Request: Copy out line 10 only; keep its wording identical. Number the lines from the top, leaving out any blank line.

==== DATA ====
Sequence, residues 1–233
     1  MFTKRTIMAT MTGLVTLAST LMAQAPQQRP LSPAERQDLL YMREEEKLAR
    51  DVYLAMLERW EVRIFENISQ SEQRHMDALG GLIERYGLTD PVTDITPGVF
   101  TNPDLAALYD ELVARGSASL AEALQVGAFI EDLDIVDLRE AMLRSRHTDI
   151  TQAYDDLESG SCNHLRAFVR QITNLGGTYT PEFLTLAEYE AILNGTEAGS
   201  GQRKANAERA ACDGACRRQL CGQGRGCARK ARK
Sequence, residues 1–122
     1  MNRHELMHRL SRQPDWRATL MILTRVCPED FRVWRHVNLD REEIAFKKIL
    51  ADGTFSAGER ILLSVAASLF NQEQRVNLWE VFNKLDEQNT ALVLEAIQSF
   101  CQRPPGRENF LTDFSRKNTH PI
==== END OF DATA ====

   101  CQRPPGRENF LTDFSRKNTH PI